Among the nearly 6,000 people whose deaths have been linked to the coronavirus in Sweden, 2,694, or 46 percent, had been among those living in nursing homes.
That tragedy is in part the story of how Sweden has, over decades, gradually yet relentlessly downgraded its famously generous social safety net, report Peter S. Goodman and Erik Augustin Palm.
When the pandemic hit, the nursing staff at the Sabbatsbergsbyn nursing home in the center of Stockholm found itself grappling with an impossible situation.
It was the middle of March, and several of the 106 residents, most of them suffering dementia, were already displaying symptoms of Covid-19. The staff had to be dedicated to individual wards while rigorously avoiding entering others to prevent transmission. But when the team presented this plan to the supervisors, they dismissed it, citing meager staffing, said one nurse, who spoke on the condition on anonymity, citing concerns about potential legal action.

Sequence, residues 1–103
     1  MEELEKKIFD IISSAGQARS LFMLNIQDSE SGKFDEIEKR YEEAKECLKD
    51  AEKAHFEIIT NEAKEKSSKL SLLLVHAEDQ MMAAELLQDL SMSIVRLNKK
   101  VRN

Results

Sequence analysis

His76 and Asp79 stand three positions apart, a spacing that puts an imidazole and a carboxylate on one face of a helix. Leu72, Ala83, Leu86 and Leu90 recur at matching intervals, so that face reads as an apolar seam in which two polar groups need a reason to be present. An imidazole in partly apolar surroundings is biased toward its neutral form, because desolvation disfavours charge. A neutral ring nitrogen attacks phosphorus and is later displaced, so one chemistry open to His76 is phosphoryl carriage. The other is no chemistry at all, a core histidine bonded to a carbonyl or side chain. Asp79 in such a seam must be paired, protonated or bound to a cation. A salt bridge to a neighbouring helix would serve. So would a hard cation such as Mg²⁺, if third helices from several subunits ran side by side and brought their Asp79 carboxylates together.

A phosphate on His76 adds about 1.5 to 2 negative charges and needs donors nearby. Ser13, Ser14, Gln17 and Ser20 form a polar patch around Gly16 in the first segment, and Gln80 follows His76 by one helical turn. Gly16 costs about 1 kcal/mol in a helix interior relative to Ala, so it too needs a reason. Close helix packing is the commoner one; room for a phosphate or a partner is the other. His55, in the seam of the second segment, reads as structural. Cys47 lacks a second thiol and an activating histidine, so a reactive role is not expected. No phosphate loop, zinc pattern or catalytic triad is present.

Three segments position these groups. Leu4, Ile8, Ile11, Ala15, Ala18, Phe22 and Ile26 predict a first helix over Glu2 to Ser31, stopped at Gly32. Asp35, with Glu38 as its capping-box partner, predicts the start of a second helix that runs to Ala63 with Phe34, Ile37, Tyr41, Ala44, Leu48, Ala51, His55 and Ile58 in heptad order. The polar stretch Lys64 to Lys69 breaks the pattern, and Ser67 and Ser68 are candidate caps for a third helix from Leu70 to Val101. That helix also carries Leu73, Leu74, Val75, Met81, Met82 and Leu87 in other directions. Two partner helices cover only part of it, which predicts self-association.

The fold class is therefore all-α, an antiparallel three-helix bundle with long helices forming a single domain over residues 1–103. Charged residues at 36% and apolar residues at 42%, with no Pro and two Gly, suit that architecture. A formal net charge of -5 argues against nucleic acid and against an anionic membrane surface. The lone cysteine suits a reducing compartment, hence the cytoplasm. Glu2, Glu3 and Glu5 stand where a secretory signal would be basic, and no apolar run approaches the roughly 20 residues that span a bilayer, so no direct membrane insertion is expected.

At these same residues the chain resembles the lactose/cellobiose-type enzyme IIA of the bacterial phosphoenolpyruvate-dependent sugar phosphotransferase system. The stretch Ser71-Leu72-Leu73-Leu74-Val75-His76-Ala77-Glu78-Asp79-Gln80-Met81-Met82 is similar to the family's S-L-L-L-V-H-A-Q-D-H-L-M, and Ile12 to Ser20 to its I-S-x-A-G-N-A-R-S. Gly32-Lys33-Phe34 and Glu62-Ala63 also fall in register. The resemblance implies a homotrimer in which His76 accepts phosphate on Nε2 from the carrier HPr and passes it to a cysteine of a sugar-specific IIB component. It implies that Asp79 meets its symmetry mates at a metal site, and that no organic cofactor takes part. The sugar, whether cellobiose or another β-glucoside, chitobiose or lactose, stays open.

The facility was owned and operated by Sweden’s largest for-profit operator of nursing homes, Attendo, whose stock trades on the Nasdaq Stockholm exchange. Last year, the company tallied revenue in excess of $1.3 billion.
On weekends and during night shifts, the nurse was frequently the only one on duty. The rest of the staff lacked proper protective gear, said the nurse and a care aide, who spoke on condition of anonymity for fear of being fired. Management had given them basic cardboard masks — “the kind house painters wear,” the nurse said — while instructing them to use the same ones for days in a row. Some used plastic file folders and string to make their own visors.
By the time the nurse quit in May, at least 20 residents were dead, she said.
“The way we had to work went against everything we learned in school regarding disease control,” the nurse said. “I felt ashamed, because I knew that we were spreaders.”